BORIS Theses

BORIS Theses
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Fragmentation and integration in Swiss water governance: Understanding a complex system through the study of organizational networks

Angst, Mario (2019). Fragmentation and integration in Swiss water governance: Understanding a complex system through the study of organizational networks. (Thesis). Universität Bern, Bern

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This thesis undertakes a tour d'horizon of Swiss water governance. What can be said overall after it? In sum, three key insights stand out. These are the high potential for fragmentation among high-visibility, high-conflict issues surrounding agriculture, biodiversity and hydropower, the key integrative role of administrative agencies, especially on the cantonal level, and the essential role of local level implementation. All three articles in this thesis provide evidence that Swiss water governance has two distinct modes of operation in terms of visibility and conflict. On the one hand, a lot of water governance is "quiet politics'' related to the implementation and upkeep of water supply, waste water management and flood prevention measures and infrastructure. These areas are highly technical and relatively uncontroversial among the self-selecting set of actors involved. On the other hand, there is a second mode of more controversial issues, which are also more strongly reflected in media attention. At the heart of the matter lies the unwelcome fact that there are zero-sum games surrounding some water issues. Protecting aquatic biodiversity cannot avoid clashing with a reliance on agricultural methods based on pesticide use. Freeing up riverbeds and streams at some point comes at the cost of agricultural land. Large-scale hydropower concepts cannot be built outside of the landscape they are situated in and completely without impacting the dynamics of aquatic ecosystems. To overcome conflicts in these areas, administrative agencies have emphasized synergies to resolve the perception of zero-sum games. Revitalization projects are the prime example of this strategy. Arguments in favor of such projects sometimes go to great lengths in emphasizing how they do not only serve nature protection purposes, but can also improve flood prevention and increase the quality of life for residents by creating an inspiring landscape for recreational purposes. However, strategies of highlighting synergies can only go so far. Tellingly, many revitalization projects in Switzerland have tackled not necessarily areas where ecological improvements would have been maximized, but areas of least resistance, which in the Swiss context often means areas of a minimum amount of confrontation with agricultural interests. In the future, such areas will become more scarce. A key challenge for integration will thus relate to integrating agricultural organizations into the water governance system. In order to further improve the situation of aquatic habitats in Switzerland, any other way seems unrealistic. As agricultural interests are deeply entrenched within the political system, a more confrontational approach is only likely to lead to a stalemate and a patchwork of ecological improvement measures. Interestingly, also the first mode of operation in Swiss water governance, the more technocratic area of water supply and waste water management has been in more flux recently. It will need to find answers to the two key challenges of drought and micropollution in the future. Both require integration, sometimes involving an engagement with more controversial issues. How the challenges posed by increasing drought risks and micropollution are addressed in the future will thus be informative in order to judge the adaptive capacity of the Swiss water governance system, and the area of "quiet politics'' identified in this thesis will be crucial in this regard. There is good reason to be optimistic about this capacity for adaptation, not least due to the entrenched role of reputed cantonal level administrators and the presence of low-conflict local level networks within the areas of water supply and wastewater management. In overcoming fragmentation, cantonal level administrators emerge time and time again as a key player in Swiss water governance. They stand out as a hub connecting lower-level actors such as municipalities and regional service providers either to other lower-level actors or higher-level ones such as federal administrators. However, this thesis also shows that the networks of local level actors consisting of municipalities, service providers, and engineering and consulting firms are key in getting things done in the end. The studies assembled within this thesis indicate that they are part of distinct governance subsystems, integrate issues through their often generalist approaches to water governance within their territory, and show remarkable capacity for self-organization. The preceding three key points about Swiss water governance harbour theoretical insights for natural resource governance systems elsewhere. Much of natural resource governance is implementation and "quiet politics'', such as the water supply and flood control subsystems in Swiss water governance. In these non-adversarial areas, phenomena such as actor coalitions based on belief differences or "devil shifts'' are not likely to occur. Instead, as the regional water supply management network studied in the third article of this thesis shows, actors have a high capacity to organize and overcome fragmentation in such areas. In dealing with such subsystems, it thus seems advisable to establish conditions that retain a maximum amount of agency for organizations to self-organize. The most compelling argument for anarchy as a model for network governance thus somewhat ironically applies to cases where a degree of order in terms of a non-conflictive subsystem exists. Another general insight of this thesis is that integration comes in different forms. On the actor level, it can range from explicit coordination to providing bridges between different communities and access to outside knowledge. On an institutional level it can range from legislative, administrative or executive action, such as policy integration, to organizing venues for exchange, such as policy forums. If integration comes in different forms, the same can be said about fragmentation. Some of it is caused by the slow speed of adaption of a governance system to new challenges or lack of knowledge about relations between issues. Such fragmentation is easier to address. The more problematic kind of fragmentation has a root in more fundamental conflicts of values and interests. Setting up more institutional venues and disseminating knowledge can only go so far in overcoming it. In the end, there is no other legitimate and long-term effective way of resolving such fragmentation than the appropriate level of democratically legitimate debate and decision-making procedure. Social science based on complexity thinking can play an important role in this by informing debates and empowering actors based on an understanding of social systems appropriate to their nature.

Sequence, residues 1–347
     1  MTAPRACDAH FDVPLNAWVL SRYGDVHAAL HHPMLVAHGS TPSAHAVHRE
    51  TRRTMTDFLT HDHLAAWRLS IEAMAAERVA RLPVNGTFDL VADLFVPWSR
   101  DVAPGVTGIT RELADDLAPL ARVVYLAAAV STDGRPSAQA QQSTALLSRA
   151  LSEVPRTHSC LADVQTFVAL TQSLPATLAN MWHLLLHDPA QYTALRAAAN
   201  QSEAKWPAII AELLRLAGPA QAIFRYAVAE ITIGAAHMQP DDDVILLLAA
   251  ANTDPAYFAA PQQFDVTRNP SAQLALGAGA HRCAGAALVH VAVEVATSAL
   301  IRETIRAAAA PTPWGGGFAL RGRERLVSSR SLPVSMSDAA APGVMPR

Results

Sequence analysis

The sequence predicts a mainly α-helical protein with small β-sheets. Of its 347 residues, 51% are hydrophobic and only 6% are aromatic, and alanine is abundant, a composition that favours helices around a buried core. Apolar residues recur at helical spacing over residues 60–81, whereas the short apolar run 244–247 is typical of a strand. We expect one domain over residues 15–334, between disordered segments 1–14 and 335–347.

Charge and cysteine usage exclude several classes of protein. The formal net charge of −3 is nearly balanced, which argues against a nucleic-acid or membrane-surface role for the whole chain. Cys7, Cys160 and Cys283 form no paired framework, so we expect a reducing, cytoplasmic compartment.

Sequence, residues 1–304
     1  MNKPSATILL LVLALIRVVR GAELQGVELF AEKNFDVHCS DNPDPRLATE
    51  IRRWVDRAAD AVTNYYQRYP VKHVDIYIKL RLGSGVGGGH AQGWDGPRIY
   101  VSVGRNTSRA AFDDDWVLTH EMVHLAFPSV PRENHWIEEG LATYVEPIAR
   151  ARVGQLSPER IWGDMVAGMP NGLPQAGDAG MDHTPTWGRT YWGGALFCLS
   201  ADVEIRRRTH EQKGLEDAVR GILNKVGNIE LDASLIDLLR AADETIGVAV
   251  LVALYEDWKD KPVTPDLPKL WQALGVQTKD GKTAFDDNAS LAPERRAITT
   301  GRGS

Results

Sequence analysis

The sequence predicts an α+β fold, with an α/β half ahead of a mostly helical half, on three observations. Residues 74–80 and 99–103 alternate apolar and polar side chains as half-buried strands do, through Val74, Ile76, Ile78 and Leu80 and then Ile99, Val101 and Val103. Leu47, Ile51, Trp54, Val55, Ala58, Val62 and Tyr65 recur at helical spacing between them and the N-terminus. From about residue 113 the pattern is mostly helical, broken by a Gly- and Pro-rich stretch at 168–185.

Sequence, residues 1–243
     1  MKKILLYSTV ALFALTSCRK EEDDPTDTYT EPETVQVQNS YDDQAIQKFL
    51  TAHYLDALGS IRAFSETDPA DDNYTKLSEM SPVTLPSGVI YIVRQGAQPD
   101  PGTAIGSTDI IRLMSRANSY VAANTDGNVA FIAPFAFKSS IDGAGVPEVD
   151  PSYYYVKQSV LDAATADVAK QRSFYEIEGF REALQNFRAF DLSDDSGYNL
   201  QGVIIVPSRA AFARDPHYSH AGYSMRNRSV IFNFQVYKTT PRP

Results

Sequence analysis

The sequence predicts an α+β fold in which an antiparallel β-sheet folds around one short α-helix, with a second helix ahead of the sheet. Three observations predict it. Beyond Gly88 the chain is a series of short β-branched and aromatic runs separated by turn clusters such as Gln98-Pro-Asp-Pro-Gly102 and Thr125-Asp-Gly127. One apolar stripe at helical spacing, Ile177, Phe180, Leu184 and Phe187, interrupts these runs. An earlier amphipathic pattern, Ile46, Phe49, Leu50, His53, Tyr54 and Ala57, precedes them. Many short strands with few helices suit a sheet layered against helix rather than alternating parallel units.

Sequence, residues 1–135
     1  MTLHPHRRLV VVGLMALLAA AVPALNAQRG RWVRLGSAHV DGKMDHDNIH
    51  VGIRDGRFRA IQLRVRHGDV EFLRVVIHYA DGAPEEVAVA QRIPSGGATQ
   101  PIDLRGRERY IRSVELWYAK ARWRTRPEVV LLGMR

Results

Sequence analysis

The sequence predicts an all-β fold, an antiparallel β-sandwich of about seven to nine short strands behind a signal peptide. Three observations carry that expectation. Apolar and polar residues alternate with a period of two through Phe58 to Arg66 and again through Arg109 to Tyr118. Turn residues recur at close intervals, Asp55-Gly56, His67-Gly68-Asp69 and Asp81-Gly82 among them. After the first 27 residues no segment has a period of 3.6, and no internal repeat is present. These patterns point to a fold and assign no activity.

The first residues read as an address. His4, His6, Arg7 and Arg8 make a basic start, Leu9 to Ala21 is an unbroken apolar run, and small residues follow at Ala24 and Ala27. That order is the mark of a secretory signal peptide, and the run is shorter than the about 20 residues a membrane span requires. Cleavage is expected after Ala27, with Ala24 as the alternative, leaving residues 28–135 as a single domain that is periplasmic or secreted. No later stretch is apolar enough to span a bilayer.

Item Type: Thesis
Dissertation Type: Cumulative
Date of Defense: 4 April 2019
Subjects: 300 Social sciences, sociology & anthropology > 320 Political science
Institute / Center: 03 Faculty of Business, Economics and Social Sciences > Social Sciences > Institute of Political Science
Depositing User: Hammer Igor
Date Deposited: 29 Apr 2021 08:35
Last Modified: 29 May 2021 00:30